Schizophrenia is a severe disorder that significantly affects the quality of life and total functioning of patients and their caregivers. Clozapine is the first atypical antipsychotic with fewer adverse effects and established efficacy. As a rule of thumb, risperidone is one of the most reliable and effective antipsychotics for newly diagnosed and chronic schizophrenics. Pharmacogenetic studies have identified genomic variants of candidate genes that seem to be important in the way a patient responds to treatment. The recent progress made in pharmacogenomics will improve the quality of treatment, since drug doses will be tailored to the special needs of each patient. In this article, we review the available literature attempting to delineate the role of genomic variations in clozapine and risperidone response in schizophrenic patients of various ethnicities. We conclude that pharmacogenomics for these two drugs is still not ready for implementation in the clinic.

Thelma BK, Srivastava V, Tiwari AK. Genetic underpinnings of tardive dyskinesia: passing the baton to pharmacogenetics. Pharmacogenomics 9: 1285-1306

October 2008


33 Reads

Manifestation of tardive dyskinesia (TD) among schizophrenia subjects on long-term antipsychotic treatment with typical drugs has been a clinical concern. Despite its association with extrapyramidal symptoms, typical drugs are still routinely prescribed globally though marginally superior atypical drugs have long been available. The genetic component in the etiology of TD is well documented. Search for these determinants has led to a few consensus associations of CYP2D6 *10, CYP1A2*1F, DRD2 Taq1A (rs1800497), DRD3 Ser9Gly (rs6280) and MnSOD Ala9Val (rs4880) variants with TD. However, translation of these observations into the clinic has not been achieved so far. This review discusses the salient features of TD etiopathology, current status of TD genetics, interactions between genetic and nongenetic factors, some major drawbacks, challenges and expected focus in TD research over the next decade, with emphasis on pharmacogenetics.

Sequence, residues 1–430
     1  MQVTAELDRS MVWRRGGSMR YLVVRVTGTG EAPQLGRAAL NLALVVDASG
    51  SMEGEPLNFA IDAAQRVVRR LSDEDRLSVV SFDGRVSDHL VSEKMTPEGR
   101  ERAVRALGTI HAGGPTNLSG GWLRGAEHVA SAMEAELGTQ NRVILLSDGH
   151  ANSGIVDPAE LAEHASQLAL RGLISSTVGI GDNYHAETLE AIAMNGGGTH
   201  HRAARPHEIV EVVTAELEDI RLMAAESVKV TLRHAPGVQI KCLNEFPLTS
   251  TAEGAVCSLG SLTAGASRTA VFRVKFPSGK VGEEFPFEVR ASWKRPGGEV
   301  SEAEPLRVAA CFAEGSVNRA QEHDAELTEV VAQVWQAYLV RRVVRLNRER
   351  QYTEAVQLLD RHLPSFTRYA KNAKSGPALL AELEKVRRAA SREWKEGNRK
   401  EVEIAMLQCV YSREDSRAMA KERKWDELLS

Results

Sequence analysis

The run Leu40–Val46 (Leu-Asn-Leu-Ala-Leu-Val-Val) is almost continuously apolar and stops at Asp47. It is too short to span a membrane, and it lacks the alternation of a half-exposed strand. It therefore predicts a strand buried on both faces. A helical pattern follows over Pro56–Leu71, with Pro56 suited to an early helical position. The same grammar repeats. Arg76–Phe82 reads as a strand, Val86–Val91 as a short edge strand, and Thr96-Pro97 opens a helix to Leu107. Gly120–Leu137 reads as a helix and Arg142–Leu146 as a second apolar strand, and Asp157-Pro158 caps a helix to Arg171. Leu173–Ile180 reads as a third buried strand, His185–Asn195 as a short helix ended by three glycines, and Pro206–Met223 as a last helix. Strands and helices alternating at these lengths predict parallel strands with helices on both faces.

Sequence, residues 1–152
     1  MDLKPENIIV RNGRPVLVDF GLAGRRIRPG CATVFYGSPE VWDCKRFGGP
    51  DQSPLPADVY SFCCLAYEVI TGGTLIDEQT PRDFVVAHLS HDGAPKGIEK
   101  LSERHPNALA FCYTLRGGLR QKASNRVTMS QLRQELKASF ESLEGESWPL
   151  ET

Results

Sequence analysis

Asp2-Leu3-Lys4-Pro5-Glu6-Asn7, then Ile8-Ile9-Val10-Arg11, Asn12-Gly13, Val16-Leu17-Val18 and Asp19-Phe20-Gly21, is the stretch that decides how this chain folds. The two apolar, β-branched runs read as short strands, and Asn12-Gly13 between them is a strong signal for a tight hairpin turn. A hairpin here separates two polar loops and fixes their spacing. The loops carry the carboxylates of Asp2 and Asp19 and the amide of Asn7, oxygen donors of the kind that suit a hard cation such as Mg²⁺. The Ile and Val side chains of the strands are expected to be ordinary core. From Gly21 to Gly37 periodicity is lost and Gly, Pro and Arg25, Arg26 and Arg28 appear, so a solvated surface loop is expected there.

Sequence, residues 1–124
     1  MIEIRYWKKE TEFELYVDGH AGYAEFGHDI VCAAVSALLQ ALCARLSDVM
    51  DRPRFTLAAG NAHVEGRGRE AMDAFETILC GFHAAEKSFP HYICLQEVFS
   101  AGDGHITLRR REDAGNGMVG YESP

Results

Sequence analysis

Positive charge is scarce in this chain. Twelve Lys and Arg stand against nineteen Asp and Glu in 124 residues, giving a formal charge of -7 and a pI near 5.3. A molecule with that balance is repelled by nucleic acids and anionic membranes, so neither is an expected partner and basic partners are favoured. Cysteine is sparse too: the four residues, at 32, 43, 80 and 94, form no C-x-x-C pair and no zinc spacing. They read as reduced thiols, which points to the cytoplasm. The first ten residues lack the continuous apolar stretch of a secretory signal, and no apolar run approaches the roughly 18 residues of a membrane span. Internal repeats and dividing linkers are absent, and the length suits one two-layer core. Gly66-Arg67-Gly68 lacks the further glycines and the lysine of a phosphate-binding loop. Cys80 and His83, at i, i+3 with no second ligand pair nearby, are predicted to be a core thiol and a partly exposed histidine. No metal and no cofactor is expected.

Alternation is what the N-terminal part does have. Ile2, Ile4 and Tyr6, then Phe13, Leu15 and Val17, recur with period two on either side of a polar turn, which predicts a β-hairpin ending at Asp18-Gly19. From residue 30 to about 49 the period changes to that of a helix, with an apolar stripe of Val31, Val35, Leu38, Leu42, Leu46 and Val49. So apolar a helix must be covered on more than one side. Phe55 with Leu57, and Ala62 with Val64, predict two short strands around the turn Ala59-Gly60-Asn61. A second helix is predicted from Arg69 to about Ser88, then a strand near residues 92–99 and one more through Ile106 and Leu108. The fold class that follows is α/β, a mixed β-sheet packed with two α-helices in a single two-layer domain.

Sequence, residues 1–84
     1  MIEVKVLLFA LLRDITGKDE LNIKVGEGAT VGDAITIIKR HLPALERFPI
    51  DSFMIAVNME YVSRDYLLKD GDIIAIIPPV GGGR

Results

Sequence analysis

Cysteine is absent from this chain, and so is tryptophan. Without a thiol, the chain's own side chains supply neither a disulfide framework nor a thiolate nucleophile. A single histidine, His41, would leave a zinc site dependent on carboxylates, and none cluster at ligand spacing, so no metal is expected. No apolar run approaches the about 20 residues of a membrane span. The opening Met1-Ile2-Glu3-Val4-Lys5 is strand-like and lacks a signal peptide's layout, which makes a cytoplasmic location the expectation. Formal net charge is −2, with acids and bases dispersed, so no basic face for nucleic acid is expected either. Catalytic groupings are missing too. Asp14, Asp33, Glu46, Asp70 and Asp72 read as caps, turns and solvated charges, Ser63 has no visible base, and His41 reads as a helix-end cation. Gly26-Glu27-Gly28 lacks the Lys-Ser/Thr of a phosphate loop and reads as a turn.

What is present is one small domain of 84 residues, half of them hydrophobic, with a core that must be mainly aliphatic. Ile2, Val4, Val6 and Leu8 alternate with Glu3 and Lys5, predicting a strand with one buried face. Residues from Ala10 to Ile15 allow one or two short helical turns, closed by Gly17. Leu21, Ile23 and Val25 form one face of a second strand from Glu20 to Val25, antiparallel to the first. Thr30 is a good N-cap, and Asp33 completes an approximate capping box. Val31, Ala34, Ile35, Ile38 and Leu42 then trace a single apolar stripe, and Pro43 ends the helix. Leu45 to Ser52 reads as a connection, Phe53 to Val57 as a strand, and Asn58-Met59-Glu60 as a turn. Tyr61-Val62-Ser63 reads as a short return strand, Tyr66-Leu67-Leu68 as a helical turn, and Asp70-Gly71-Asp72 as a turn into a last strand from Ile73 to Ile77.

Association of the α2A adrenergic receptor -1291C/G polymorphism and antipsychotic-induced weight gain in European-Americans

July 2009


24 Reads

To investigate the -1291 C/G promoter polymorphism (rs1800544) of the adrenergic alpha-2A receptor (ADRA2A) with clozapine-/olanzapine-induced weight gain in European-Americans and African-Americans. The alpha-adrenergic receptors inhibit lipolysis in the adipose tissue and are involved in weight gain regulation. Moreover, two previous studies indicated an association with antipsychotic-induced weight gain with the same polymorphism in Asian populations. We analyzed a relatively large (n=129) and well-characterized group of patients and monitored them for a period of 6-14 weeks. Our refined sample consisted of 60 European-Americans and 39 African-Americans on clozapine or olanzapine, prospectively. In European-Americans, we observed a significant difference in weight gain across the genotypic categories (p=0.046). The carriers of the C allele gained more weight compared with the subjects homozygous for the GG allele (CC + CG vs GG; 3.73 +/- 4.13 kg vs 0.23 +/- 2.92 kg; p=0.013). We did not find a significant association in African-Americans, although the sample size was probably too small. Our observations suggest a possible role of ADRA2A polymorphisms in clozapine-/olanzpaine-induced weight gain in subjects of European descent.

677C>T and 1298A>C MTHFR polymorphisms affect methotrexate treatment outcome in rheumatoid arthritis

November 2007


63 Reads